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Memory Management on Foreach RRS feed

  • Question

  • Hello,

      I have a list of objects returned via linqtoSql from the DB.  When I iterate the list using

    foreach(myobject x in myListofOjbects)

    {

    }

    the memory usage goes up to close to 4GB and then I get an out of memory exception.  There are no objects inside the {} other than x.  I am guessing the iteration does not get rid of the previous objects.  Before I recode to exit the foreach before this happens, I wonder if there is any other way to fix it?

    Tuesday, November 26, 2013 2:27 PM

Answers

  • Hi Mataniah,

    when you are using LINQ To SQL fetched objects are tracked (cached) by default. To disable the caching set the DataContext.ObjectTrackingEnabled Property to false. Be aware, that will prevent changing the data later as the result will be read-only.

    You should also check if you can limit the query as using 4 GB and more indicates that you are fetching a lot of data. If possible use a Where clause to limit the result instead of comparing the values locally.

    It doesn't matter if you are using foreach or GetEnumerator. A for loop on the other hand that uses the Count property may force populating the whole collection, the same applies if you are using ToList().

    Regards, Elmar

    • Marked as answer by Mattaniah Monday, December 2, 2013 9:53 AM
    Wednesday, November 27, 2013 3:51 PM
  • >I do call a toList() before I iterate; 

    That will bring the whole collection into memory.  Either limit the results by using a more selective query, or don't call ToList().  You can run the query with AsEnumerable() to get a streaming collection or iterate it directly with foreach, which does the same thing.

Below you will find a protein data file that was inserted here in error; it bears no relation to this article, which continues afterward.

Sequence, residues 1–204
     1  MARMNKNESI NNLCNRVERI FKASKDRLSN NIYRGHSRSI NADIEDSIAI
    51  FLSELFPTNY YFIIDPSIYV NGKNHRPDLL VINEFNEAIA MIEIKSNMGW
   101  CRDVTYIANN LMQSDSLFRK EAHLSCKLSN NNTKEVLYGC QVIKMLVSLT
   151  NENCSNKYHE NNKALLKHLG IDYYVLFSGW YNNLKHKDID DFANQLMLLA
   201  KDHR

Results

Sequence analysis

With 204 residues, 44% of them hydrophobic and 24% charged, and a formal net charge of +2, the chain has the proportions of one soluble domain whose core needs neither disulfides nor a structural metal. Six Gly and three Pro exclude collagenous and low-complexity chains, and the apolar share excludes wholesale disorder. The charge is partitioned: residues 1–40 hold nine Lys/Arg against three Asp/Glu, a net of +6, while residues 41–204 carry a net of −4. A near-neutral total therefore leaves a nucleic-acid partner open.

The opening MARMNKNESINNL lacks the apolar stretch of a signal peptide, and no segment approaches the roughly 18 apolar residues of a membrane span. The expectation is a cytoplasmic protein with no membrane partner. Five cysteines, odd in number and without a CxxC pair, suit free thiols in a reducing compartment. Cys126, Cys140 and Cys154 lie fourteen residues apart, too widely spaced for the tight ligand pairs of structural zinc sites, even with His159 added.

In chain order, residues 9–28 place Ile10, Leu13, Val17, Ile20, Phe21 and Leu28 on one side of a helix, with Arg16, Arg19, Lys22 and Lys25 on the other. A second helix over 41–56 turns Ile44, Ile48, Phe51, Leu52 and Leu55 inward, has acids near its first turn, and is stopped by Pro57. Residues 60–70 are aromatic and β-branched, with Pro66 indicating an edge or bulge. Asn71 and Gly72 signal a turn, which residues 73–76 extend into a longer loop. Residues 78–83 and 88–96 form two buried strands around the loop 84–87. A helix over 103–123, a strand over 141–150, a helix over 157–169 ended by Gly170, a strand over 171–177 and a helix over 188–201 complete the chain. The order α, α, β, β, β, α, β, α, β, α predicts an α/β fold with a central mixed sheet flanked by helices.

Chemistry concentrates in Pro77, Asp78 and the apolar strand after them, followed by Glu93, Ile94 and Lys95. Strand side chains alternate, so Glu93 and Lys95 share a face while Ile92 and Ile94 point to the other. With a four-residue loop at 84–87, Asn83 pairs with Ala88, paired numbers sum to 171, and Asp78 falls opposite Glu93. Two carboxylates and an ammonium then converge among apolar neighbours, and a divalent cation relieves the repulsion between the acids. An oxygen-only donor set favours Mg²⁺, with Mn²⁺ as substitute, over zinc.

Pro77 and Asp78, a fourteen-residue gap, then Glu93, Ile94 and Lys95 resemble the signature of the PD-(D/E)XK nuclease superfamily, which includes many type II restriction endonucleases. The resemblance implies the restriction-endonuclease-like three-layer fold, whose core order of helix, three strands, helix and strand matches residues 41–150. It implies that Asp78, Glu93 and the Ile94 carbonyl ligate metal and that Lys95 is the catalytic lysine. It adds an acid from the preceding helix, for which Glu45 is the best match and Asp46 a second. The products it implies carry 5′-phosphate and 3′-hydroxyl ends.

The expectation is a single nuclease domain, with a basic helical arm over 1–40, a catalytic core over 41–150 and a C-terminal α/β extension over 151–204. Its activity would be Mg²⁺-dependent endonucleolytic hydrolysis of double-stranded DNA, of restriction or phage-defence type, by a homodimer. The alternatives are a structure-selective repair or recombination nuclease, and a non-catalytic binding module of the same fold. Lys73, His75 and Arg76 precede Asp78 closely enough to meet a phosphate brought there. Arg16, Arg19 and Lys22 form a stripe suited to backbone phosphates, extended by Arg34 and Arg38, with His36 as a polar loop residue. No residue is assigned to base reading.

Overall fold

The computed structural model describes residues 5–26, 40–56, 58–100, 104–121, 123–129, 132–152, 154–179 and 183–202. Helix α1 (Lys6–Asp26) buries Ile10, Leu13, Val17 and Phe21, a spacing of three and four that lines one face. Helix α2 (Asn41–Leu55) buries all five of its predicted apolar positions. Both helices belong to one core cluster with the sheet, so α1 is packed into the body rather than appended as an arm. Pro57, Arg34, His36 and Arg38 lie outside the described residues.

Using an Enumerator or a for loop won't help. 

    David


    David http://blogs.msdn.com/b/dbrowne/

    • Marked as answer by Mattaniah Monday, December 2, 2013 9:54 AM
    Wednesday, November 27, 2013 6:16 PM

All replies

  • Can you share the LINQ and what you're doin with x in the loop? My guess is that the actual list may be taking up the space since the query isn't evaluated until you try to iterate myListofObjects (unless of course you called ToList to something similar) you don't see the memory usage go up until you get to your foreach loop. And no the iteration has no side effect on your list.
    Tuesday, November 26, 2013 2:40 PM
  • Hi,

    Maybe you can do a for-loop instead?

    for(int i=0;i<myListOfObjects.Count;i++)
    {
    //do something with myListOfObjects[i]..
    }


    Tuesday, November 26, 2013 3:17 PM
  • Use an enumerator instead of enumerable.  See if something like below works

    using System;
    using System.Collections.Generic;
    using System.Linq;
    using System.Text;
    
    namespace ConsoleApplication1
    {
        class Program
        {
            static void Main(string[] args)
            {
                List<int> numbers = new List<int> { 1, 2, 3, 4, 5 };
    
                IEnumerator<int> read = numbers.GetEnumerator();
                while (read.MoveNext())
                {
                    Console.WriteLine(read.Current.ToString());
                }
            }
        }
    }
    


    jdweng

    Tuesday, November 26, 2013 3:29 PM
  • List<myOjbectResult> _file = dc.LimitFileCount().toList();

    foreach(myObjectResult x in _file)
    {

    }


    I do call a toList() before I iterate;